South Indian Filter Coffee


South Indian Filter coffee is made by mixing boiled milk with coffee brewed using the traditional South Indian filter, a four-part metal contraption resembling two cylindrical cups.

The upper cup has two removable parts: a pierced pressing disc with a central stem handle and a covering lid. This sits on top of the lower cup which collects the brewed coffee or Kaapi, the South Indian phonetic rendering of “coffee”. Other popular names include Madras filter coffee, Madras kaapi, Kumbakonam degree kaapi, Mylapore filter coffee, or Mysore filter coffee. However, outside of India, the term filter coffee refers to drip brew coffee, yet another brewing method.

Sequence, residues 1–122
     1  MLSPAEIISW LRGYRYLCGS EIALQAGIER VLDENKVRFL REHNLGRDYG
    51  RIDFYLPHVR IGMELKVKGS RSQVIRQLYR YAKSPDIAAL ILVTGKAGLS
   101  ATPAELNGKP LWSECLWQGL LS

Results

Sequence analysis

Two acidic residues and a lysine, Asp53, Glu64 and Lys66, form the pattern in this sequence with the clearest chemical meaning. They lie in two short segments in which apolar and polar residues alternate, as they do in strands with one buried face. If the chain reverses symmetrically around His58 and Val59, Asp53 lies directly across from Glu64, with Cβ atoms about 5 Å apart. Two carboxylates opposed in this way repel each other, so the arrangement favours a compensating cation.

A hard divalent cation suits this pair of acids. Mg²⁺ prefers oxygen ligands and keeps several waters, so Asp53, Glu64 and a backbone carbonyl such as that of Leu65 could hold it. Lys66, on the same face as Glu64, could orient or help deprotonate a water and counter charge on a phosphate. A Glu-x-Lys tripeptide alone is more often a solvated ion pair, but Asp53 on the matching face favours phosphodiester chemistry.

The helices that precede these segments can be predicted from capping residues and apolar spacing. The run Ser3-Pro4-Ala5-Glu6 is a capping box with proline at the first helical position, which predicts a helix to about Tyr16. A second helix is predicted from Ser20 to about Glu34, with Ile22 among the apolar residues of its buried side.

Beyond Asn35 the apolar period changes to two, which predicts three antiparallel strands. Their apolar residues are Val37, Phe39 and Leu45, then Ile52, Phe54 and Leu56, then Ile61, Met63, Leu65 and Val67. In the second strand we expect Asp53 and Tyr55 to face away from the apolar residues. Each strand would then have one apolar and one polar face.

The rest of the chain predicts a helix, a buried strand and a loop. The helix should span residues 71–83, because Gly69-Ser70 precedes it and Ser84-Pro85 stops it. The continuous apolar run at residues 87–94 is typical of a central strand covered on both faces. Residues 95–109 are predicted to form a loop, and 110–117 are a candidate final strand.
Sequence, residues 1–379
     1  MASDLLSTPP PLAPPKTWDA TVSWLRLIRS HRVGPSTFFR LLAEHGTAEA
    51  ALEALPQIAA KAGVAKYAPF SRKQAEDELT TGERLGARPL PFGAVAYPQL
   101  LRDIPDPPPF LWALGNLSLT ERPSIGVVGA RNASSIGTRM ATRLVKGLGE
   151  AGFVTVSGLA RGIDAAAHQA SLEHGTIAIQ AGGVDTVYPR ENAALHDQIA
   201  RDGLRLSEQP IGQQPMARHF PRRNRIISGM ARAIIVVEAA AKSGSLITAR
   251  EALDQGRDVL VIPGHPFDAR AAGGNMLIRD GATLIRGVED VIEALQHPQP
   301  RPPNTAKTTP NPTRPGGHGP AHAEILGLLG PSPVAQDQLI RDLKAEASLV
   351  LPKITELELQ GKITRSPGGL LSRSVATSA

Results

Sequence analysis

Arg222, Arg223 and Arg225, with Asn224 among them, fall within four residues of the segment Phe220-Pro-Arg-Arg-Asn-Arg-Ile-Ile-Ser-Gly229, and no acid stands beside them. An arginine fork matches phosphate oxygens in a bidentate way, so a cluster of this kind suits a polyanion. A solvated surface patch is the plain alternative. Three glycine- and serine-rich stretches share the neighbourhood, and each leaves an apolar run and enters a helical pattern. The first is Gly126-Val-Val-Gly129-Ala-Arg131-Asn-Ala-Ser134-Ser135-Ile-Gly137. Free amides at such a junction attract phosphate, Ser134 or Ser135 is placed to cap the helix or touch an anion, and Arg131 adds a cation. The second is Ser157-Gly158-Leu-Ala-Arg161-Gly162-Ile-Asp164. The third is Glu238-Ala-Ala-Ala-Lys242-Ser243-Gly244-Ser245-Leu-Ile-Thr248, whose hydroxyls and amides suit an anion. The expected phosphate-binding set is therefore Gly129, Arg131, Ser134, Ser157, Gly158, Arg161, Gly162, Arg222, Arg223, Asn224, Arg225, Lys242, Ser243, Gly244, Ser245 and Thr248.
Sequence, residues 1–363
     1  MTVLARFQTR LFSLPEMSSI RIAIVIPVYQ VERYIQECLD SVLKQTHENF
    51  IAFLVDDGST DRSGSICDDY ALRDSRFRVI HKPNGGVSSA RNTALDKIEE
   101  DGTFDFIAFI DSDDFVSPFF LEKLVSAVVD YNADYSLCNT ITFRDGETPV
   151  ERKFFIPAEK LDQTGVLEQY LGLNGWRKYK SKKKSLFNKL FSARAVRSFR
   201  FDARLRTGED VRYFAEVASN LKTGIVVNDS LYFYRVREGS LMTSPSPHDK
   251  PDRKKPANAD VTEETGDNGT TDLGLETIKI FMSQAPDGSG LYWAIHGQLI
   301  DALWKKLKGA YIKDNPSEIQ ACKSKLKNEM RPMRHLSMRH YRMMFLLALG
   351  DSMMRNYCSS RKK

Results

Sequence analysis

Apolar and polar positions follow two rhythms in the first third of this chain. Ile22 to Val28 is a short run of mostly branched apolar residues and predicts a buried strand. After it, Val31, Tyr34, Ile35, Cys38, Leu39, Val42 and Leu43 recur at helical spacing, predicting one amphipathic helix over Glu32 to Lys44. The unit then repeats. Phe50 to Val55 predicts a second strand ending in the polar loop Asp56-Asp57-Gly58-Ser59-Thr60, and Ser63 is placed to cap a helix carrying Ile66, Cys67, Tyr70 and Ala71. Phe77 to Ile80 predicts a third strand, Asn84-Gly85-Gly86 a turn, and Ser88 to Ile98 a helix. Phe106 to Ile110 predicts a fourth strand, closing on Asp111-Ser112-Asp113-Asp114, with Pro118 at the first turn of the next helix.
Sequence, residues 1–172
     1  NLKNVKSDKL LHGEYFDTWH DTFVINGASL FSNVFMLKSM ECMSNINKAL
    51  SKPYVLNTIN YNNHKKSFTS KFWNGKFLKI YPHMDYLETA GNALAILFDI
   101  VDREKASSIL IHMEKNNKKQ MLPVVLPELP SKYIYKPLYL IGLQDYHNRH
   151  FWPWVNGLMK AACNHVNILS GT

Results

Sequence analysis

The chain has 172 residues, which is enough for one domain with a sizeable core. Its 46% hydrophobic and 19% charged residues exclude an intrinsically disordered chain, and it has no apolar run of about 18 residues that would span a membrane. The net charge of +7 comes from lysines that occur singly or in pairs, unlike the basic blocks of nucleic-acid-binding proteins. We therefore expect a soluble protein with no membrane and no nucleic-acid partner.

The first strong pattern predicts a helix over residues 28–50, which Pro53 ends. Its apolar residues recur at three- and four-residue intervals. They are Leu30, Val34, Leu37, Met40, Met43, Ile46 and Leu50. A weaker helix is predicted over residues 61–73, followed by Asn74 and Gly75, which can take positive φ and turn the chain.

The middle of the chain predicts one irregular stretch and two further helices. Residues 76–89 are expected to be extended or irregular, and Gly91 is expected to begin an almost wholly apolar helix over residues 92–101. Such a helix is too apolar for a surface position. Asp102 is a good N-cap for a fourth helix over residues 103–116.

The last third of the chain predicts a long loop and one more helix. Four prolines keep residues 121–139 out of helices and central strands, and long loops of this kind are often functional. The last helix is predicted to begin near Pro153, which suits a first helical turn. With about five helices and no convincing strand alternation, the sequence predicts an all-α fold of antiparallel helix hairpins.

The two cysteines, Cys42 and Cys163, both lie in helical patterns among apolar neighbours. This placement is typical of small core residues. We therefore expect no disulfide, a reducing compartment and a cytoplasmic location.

Step 1
Bring 350g(ml) of water to a boil.

Step 2
Add two heaped tablespoons of finely ground coffee into the upper chamber of the coffee filter

Step 3
Use the pressing disc to ‘tamp’ or evenly distribute the coffee. Do this gently, and leave the disc in

Step 4
Place the upper chamber over the lower chamber, and add boiling water to the upper chamber slowly and evenly, until it reaches the brim.

Step 5
Place the lid. Pause and let the coffee steep for 15 minutes.

Step 6
While the coffee is still steeping, bring milk to a boil on the hob.

Step 7
Pour 2 tablespoons of brewed coffee into the dabarah, and top up with a generous amount of milk. Add sugar to taste.

Step 8
Pour the mixture back and forth between the tumbler and dabarah to create a light, delicious foam (norai) on top. In some places, this coffee is called Metre-Kaapi as the coffee is poured into the tumbler from a metre’s height to create maximum foam and visual impact.

Step 9
Serve in the tumbler, placed within the dabarah. A bit like a cup and saucer.